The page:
When Her Majesty Queen Elizabeth II passed away at the age of 96 last week, it marked the end of an era for the longest-reigning monarch in British history. But it also had a major financial impact on those poised to inherit some of her vast estate.
Just like the passing of any other person who made plans to leave an inheritance to their children, the Queen’s death prompted the distribution of her assets. But unlike anyone else’s death, the inheritance she leaves behind is reportedly worth billions. And its contents aren’t just paper, either. Some of the royal family’s most curious assets include global artifacts, rare jewels, and even a popular British toy store.
It’s all a fresh reminder of the incredible nature of the Royal estate. Here are the details we know.
As the newly crowned king, King Charles III is now eligible to receive funds from the Crown Estate designated specifically for the monarch, a fund that includes a jaw-dropping £18.2 billion collection of investments, properties, land, and let’s just say…unusual…assets.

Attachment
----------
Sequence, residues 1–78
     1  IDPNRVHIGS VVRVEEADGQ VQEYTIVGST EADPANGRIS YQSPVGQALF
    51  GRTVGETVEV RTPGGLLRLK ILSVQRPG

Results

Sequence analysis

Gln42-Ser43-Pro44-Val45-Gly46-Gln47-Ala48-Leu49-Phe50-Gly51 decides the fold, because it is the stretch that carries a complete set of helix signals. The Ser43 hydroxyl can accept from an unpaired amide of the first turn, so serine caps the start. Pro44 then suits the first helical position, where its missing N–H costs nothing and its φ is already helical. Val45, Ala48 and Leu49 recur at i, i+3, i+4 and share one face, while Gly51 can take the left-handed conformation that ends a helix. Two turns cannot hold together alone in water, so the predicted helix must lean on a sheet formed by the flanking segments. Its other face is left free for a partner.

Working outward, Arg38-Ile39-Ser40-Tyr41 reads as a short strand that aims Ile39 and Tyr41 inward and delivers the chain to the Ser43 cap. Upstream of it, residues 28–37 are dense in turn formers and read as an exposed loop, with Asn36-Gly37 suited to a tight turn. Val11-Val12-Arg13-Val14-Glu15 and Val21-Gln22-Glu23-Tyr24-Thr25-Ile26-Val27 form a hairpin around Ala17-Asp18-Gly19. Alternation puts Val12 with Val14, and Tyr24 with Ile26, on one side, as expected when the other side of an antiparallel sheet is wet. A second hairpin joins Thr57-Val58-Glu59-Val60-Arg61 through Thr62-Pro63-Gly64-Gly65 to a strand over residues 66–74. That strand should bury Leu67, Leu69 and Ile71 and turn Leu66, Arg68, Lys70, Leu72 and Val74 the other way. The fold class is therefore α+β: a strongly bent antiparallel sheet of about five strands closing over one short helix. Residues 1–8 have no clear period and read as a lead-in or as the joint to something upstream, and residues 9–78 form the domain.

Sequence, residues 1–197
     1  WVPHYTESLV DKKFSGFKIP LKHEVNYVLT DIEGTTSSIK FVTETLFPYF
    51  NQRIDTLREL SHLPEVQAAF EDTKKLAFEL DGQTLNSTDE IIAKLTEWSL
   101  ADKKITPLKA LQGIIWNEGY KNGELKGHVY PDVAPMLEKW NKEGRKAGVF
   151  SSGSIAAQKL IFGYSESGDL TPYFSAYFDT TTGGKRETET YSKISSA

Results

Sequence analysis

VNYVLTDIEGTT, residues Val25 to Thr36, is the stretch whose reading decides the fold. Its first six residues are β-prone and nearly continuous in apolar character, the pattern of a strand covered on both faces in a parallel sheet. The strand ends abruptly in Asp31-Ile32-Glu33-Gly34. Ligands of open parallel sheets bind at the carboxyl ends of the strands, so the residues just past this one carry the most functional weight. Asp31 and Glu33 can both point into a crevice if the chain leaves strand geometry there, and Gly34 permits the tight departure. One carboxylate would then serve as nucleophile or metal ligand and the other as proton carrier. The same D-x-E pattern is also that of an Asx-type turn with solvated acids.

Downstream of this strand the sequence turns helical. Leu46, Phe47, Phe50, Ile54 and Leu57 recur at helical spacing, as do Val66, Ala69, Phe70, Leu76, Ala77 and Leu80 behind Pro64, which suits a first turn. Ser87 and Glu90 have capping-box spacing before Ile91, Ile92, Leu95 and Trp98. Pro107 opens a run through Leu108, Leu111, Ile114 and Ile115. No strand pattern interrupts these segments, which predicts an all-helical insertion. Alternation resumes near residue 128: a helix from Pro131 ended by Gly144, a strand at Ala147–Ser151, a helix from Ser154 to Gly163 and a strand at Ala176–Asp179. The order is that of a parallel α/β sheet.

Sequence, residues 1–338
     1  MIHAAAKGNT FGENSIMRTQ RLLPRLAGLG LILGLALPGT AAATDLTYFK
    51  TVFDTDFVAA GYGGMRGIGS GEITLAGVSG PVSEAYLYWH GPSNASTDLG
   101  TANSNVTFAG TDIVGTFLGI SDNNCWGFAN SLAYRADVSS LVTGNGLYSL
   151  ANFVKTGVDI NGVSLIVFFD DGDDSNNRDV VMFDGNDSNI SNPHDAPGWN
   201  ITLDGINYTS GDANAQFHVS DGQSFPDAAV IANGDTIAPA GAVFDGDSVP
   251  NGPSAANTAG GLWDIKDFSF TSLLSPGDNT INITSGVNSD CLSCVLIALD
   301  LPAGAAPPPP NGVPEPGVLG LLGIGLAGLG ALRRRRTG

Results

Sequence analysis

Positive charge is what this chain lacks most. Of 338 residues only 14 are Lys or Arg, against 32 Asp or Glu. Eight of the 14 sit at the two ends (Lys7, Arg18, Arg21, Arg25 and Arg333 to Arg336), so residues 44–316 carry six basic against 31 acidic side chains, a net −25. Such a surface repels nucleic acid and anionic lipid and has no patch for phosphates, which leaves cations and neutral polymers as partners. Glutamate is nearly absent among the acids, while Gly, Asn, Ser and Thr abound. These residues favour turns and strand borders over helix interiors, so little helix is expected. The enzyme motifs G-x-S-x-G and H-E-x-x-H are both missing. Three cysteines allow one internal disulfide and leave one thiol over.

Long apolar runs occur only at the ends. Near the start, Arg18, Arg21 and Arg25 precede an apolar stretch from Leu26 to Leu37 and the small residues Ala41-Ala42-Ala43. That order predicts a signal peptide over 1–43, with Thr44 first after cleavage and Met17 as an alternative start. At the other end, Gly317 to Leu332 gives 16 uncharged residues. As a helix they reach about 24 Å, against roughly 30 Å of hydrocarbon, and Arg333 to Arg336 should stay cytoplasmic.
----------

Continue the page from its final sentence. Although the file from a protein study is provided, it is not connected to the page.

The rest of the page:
First established in 1337, the properties and funds that house and serve the royal family include a couple of eyebrow-raising line-items, like the seabed of the United Kingdom and a prison. Yes, a prison.
But the income isn’t as direct as it may sound. That’s because, in 1760, an agreement was forged that put the assets essentially in a trust from which the royals would receive lump sum payments. Next year’s sum is said to be worth £86.3 million. Not a bad reward for the difficult task for being born into the right family.
As for anyone’s personal inheritance from the Queen’s estimated $400 million fortune, mum’s the word.
One word of advice for anyone on the receiving end? Check out our episode, “What to do with a Windfall.”